June 10, 2011
i've the version with label sm156cd, bought in Iceland.


June 29, 2010

I have to disagree with the gushing praise from the previous reviewer. Impressive, stunning, edgy, brilliant, amazing? This album feels like an excuse for Kompakt to release a bunch of minimal from its artists; just look at the three remix singles. Gus Gus is always unique, I will give them that, but this trendy minimal/tech house sound does not suit them. All that dub delay in every track can't hide what is essentially mediocre dance music. What little "amazing sound tricks" I hear are totally overshadowed by uninteresting synth sounds and song structures.

Gus Gs vs. T-World was actually a great foray into the techno world - very believable, engaging and creative - but 24/7 completely lacks that impact. I suppose if you like minimal, especially with vocals, you'll like this, but I have to have more meat in my dance music.


June 27, 2010
Gus Gus continue with their impressive run of post-melancholic, bruised, chilling electronic grooves. Since they turned towards ear-splitting dance music with "Attention" in 2001, they seem to feel quite comfortable in their own, real cool world. Both successors to "Attention" - "Forever" (2007) and the latest effort called "24/7" are no less different; this is pure, edgy dance music to squeeze the body its last drop of sweat. However, while the group's newly established dance-phase remains technically brilliant and appealing, there is very little to relate to in terms of listening. Some find it reasonably disappointing, that such a creative force, once delivering eclectic masterpieces like "Polydistortion", "This Is Normal" and somewhat confusing retrospective mix of their pre-GG, rave-informed mastery on "Gus Gus vs. T-World", are now slaves of their own self-indulgence, imprisoned by the dancefloor frame.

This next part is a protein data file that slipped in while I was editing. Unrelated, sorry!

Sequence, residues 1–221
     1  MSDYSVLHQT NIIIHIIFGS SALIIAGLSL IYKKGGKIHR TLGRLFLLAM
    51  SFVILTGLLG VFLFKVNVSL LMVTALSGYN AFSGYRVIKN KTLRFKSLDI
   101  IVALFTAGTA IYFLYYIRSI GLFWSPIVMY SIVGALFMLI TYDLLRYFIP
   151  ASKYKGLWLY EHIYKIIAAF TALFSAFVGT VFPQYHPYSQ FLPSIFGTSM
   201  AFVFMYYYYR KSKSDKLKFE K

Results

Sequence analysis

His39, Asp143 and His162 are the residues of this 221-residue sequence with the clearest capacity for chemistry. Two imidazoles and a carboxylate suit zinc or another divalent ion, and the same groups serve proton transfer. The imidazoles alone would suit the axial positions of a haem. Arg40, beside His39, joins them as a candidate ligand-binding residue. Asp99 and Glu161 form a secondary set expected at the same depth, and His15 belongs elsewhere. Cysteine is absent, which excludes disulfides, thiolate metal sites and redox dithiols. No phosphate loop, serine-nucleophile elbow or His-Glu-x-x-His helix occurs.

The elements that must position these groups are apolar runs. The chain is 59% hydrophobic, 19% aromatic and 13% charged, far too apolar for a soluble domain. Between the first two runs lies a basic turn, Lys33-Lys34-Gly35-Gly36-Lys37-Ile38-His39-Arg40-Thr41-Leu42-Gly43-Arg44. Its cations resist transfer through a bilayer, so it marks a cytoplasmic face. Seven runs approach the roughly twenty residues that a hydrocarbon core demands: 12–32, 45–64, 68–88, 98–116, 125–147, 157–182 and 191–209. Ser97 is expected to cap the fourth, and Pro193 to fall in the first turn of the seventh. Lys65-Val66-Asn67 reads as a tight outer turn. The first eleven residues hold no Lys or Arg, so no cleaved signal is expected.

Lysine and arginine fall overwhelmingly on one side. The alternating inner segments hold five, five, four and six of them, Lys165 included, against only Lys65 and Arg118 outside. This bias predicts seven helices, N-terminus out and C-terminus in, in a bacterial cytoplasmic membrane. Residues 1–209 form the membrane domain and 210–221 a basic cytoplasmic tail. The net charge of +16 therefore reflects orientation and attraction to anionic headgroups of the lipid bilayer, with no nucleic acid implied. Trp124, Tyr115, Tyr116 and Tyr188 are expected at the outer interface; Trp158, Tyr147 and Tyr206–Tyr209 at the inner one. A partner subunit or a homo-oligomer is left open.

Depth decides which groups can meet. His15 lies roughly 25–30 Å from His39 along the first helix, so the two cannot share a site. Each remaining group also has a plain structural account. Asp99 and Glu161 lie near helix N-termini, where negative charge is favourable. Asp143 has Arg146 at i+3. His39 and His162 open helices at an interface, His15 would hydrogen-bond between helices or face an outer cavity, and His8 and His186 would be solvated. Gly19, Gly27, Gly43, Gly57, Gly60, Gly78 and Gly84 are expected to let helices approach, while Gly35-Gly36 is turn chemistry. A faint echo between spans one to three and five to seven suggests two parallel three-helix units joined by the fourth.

As said a little earlier, "24/7" is a stunning album - if only the songs were half as short, the effect would be even more impressive. This way, it might irritate the hell out of the (regular) listener - most pieces kick off to great effect but halfway down the ear, things start to feel like a considerable waste of time ("Add This Song" and especially "On the Job" prove most tiresome of the lot, clocking in well over 10 minutes time). Still there is enough substance to love the album - amazing sound tricks, sheer elegance, and of course - once again, Daniel Agust's beautifully melting, soulful vocals on top.

"Hateful" in particular is impressively intimidating piece of dance music. If you're in it for the mindfuck alone, then "24/7" should definitely be part of your respectful dance music collection.